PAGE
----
A new airworthiness directive issued by the Civil Aviation Administration of China (CAAC) has resulted in the grounding of 15 Xi’an MA-60 turboprops following two incidences of landing gear failure. The directive requires operators inspect the undercarriages and gear annunciation systems of airplanes that have logged more than 6,400 takeoffs. Two Chinese airlines–Okay Airways and Joy Air–and carriers from the Philippines, Laos, Zimbabwe and Bolivia operate the 15 airplanes.
China’s Tianjin Airport has reported exponential growth in its corporate aviation business, which increased by 30 percent between 2010 and 2011. In recent years, the city has seen rapid economic development, which has led to the rise of business aviation movements and related enterprises. The number of private aviation movements at the airport has risen by 131 percent since 2008, from 10 to 15 per month to around 35 per month in 2010.
China’s Okay Airways has put into service its first Modern Ark (MA) 60, also known as the Xinzhou-60.The twin-engine turboprop, made by China’s Xian Aircraft Industry Corp. (XAIC) is an advanced version of the Yun-7, which took wing in 1982 and is being phased out. The airplane’s commercial debut with Okay marks the end of foreign-made airplanes’ monopoly in China’s regional jet market.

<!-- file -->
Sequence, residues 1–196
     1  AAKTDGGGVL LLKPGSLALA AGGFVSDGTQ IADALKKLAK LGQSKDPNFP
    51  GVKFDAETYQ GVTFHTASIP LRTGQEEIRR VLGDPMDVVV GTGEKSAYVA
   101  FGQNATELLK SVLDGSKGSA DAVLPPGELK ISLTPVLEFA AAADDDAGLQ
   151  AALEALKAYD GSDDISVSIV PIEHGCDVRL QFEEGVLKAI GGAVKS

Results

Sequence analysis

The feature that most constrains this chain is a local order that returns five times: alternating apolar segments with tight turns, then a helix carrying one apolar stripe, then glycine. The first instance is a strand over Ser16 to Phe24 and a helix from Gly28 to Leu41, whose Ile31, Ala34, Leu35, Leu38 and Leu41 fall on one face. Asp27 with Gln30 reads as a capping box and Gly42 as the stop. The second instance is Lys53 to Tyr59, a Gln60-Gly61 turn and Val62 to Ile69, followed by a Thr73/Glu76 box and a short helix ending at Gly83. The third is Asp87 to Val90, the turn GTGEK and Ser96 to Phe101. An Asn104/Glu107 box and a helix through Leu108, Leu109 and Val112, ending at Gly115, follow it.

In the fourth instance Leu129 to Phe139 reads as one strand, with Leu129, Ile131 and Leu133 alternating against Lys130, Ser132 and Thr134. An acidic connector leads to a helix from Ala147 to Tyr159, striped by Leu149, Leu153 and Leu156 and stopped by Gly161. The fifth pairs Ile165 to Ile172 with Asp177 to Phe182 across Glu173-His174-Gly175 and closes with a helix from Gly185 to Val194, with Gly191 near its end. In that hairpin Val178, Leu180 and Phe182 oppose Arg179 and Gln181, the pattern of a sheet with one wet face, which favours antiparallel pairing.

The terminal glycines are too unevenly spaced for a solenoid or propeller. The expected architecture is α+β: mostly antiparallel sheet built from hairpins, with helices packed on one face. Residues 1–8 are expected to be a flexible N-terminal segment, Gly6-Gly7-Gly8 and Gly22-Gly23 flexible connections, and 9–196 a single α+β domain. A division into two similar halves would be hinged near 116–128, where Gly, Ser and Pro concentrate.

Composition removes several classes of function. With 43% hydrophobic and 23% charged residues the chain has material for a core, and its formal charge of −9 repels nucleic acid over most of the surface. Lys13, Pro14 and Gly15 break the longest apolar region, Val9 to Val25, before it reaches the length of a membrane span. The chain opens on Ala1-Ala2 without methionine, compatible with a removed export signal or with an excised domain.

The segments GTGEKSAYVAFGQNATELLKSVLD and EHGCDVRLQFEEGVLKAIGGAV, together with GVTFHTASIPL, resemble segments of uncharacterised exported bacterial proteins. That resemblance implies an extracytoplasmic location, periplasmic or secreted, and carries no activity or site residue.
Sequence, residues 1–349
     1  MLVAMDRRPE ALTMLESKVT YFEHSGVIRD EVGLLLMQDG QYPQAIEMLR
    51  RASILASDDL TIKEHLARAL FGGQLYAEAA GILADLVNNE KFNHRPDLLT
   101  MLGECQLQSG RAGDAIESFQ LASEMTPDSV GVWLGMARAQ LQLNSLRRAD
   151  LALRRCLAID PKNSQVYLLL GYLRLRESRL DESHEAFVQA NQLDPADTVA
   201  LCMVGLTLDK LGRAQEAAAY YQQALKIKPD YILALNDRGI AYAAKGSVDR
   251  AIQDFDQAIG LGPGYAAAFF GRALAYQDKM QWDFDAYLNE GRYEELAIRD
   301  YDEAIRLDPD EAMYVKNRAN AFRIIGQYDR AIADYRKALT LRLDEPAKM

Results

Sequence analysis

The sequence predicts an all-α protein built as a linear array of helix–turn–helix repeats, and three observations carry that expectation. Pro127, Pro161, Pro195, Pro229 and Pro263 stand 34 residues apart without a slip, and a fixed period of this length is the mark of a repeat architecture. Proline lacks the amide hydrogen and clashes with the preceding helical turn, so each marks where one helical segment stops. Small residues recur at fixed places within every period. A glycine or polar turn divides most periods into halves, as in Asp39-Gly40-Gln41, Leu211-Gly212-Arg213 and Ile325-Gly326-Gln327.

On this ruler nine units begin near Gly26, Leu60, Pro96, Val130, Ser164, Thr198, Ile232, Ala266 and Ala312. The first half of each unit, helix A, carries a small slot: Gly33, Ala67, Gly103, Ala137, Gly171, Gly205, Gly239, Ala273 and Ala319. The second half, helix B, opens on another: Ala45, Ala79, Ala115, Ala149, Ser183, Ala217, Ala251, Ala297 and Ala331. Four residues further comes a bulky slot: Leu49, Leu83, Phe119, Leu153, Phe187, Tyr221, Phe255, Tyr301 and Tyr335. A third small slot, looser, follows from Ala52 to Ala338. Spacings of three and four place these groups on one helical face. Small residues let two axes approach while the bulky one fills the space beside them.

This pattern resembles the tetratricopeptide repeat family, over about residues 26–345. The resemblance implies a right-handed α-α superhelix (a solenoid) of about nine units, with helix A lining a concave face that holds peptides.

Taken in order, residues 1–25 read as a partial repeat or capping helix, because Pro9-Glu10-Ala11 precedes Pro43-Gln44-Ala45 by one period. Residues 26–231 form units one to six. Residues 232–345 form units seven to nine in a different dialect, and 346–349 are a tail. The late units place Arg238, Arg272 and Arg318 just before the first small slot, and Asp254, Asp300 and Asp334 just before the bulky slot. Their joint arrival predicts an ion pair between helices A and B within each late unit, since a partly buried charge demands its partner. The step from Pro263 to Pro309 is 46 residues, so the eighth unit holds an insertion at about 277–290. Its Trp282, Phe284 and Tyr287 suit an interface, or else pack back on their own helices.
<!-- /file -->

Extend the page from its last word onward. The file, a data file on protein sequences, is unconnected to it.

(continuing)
China’s Xi’an Aircraft Company (XAC) landed the largest-ever order from a Chinese airline for its MA60 regional turboprop last month. Privately held Okay Airways said it has agreed to lease 10 of the 60-seat turboprops, the first of which it plans to deploy by the end of the year. It expects to take delivery of the rest within two years, it added.
Swiss-based independent maintenance organization SR Technics and Okay Airways, China’s first privately owned airline, have agreed to form a maintenance joint venture in Tianjin, China. The new facility will provide aircraft services, fleet technical management and component support for Boeing and Airbus aircraft operated by both existing airlines and new start-ups.
The official statistics confirm what the aerospace industry has long anticipated: China’s air transport market is booming. The 2005 annual report of the Civil Aviation Administration of China (CAAC) is yet to be published but all the indications are that the growth targets set for last year in the 2004 report were met.
SR Technics (Stand A726) is moving to establish a presence on the Chinese mainland. In recent months the company has signed a memorandum of understanding with Okay Airways to form a maintenance joint venture at Tianjin, concluded a joint venture agreement with the Shanghai Foreign Aviation Service Corp. (Shanghai FASCO) and established an Asia/Pacific advisory board (APAB).